GSA Annual Meeting in Denver, Colorado, USA - 2016

Paper No. 131-10
Presentation Time: 4:15 PM


MULLER, Richard A., Deep Isolation Inc., 2831 Garber St., Berkeley, CA 94705; Department of Physics, University of California, Berkeley, CA 94720 and MULLER, Elizabeth A., Deep Isolation Inc., 2831 Garber St., Berkeley, CA 94705; Berkeley Earth, 2831 Garber St., Berkeley, CA,

Horizontal boreholes in deep shale formations offer attractive features for the storage and eventual disposal of unprocessed spent nuclear fuel pellets (SNF). We can choose formations that have a priori excellent deep isolation potential based on the fact that they have held volatile gases (e.g. methane) for millions of years.

Potential sites are deep (1 to 2 miles), have low permeability (microdarcys), low mobile water levels (“none” by oil and gas industry standards), lie far below aquifers in tight yet ductile formations (brittleness < 10 MPa) with no or few natural fissures; such shale is unusable for hydraulic fracturing and gas/oil recovery. Suitable formations are found in most states that have SNF inventories.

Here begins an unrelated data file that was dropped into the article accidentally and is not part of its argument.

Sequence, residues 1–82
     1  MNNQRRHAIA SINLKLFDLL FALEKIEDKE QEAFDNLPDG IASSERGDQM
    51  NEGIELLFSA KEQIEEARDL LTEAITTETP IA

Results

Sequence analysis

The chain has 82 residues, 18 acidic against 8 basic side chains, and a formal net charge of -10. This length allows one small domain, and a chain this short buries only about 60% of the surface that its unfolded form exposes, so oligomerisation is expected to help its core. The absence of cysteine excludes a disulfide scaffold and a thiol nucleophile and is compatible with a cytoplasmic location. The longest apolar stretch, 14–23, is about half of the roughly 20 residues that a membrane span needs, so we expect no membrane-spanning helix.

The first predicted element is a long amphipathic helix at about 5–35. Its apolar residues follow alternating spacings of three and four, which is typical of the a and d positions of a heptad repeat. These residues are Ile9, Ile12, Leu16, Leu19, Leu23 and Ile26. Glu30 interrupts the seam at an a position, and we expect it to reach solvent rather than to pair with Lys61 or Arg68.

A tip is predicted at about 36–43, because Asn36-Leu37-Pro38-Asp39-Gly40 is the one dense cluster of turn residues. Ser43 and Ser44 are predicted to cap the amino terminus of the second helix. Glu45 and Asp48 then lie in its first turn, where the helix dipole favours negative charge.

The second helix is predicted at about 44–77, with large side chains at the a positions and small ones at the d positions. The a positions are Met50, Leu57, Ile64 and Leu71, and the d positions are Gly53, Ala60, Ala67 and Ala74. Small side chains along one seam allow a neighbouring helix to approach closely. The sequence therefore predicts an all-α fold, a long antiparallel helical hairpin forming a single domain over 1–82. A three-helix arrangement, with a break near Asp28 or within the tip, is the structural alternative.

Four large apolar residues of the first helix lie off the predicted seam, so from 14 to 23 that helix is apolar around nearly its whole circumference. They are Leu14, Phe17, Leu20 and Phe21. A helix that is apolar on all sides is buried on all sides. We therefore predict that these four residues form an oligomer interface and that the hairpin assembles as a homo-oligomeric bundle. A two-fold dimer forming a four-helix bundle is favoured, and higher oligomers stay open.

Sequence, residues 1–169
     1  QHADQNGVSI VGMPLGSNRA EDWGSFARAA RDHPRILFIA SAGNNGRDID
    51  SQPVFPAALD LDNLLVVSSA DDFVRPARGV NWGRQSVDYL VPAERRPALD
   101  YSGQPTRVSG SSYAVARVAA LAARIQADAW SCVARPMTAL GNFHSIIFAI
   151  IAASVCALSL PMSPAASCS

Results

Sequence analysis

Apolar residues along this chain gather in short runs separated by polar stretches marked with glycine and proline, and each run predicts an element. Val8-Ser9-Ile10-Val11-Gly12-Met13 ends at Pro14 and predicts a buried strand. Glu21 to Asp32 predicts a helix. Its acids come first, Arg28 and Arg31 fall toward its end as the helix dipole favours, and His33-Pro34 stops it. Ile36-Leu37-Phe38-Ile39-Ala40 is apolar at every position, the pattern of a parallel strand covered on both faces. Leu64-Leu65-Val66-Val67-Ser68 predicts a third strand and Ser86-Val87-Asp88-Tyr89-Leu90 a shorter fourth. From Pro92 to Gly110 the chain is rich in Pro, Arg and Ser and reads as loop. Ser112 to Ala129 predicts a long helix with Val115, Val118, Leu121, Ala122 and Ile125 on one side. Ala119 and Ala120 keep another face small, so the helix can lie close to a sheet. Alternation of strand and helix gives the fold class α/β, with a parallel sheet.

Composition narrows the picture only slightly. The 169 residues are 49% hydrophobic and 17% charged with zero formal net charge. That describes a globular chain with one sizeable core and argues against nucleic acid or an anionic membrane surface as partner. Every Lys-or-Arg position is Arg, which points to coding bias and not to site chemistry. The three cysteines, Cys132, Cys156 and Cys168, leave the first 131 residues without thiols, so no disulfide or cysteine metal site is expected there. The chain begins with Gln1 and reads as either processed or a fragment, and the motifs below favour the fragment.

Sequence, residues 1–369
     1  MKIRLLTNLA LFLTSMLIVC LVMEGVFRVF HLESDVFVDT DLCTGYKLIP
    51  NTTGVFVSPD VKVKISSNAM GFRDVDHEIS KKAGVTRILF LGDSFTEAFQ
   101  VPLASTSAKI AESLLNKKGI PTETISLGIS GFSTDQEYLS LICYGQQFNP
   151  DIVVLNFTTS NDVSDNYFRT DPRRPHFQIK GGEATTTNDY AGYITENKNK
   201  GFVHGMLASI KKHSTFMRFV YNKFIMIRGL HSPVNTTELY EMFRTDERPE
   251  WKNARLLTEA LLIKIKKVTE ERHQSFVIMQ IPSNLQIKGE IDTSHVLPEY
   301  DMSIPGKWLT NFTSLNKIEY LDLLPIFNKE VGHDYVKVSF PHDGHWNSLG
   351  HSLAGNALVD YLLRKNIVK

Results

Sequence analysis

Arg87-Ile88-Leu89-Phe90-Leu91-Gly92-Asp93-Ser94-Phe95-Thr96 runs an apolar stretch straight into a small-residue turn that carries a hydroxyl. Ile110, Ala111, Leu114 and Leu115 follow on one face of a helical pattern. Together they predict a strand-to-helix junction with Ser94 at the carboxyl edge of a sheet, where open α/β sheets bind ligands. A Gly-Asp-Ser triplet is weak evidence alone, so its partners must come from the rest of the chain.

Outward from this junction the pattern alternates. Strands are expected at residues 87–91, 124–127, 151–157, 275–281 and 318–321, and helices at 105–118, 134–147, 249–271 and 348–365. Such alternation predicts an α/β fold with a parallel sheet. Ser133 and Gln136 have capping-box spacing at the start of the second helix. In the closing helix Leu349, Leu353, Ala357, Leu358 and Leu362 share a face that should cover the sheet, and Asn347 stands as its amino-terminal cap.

No new drilling technology is needed; current methods are highly developed and relatively inexpensive. A vertical delivery borehole is drilled to a “kickoff” point ≈700 ft above the shale; the borehole then curves to horizontal; the low curvature can easily accommodate 4-meter canisters containing unmodified fuel assemblies. As an initial approach, the unmodified SNF assembly canisters are placed end-to-end in the horizontal section at depth. There is no criticality danger since SNF assemblies are currently safely stored even in water. For a pressurized water reactor, assemblies contain ≈ 265 rods in a diameter ≈ 12 inches and linear mass density ≈ 1 ton/ 5 meters. A typical 20 tons/yr of SNF requires 100 m; a 3-km horizontal hole can hold 30 yrs of waste. For boiling water reactors, the assemblies are smaller (≈ 7 inch diagonal) and could fit into a 9-inch borehole; however the length required is over 3x greater. If the fuel is consolidated into denser structures, the length required is substantially reduced; in principle, a 3 km 9-inch borehole could isolate over 1000 tons; the capacity of 70 boreholes would equal that planned for the Yucca Mountain facility.

The most likely path for leakage is in the vertical delivery borehole or the surrounding damage zone; these might be sealed using the technology being studied for the Department of Energy vertical borehole program. Ability to retrieve stored waste is based on extensive experience in recovery of pumps and instruments from horizontal boreholes. The 50 surface acres above a set of parallel boreholes are left essentially pristine.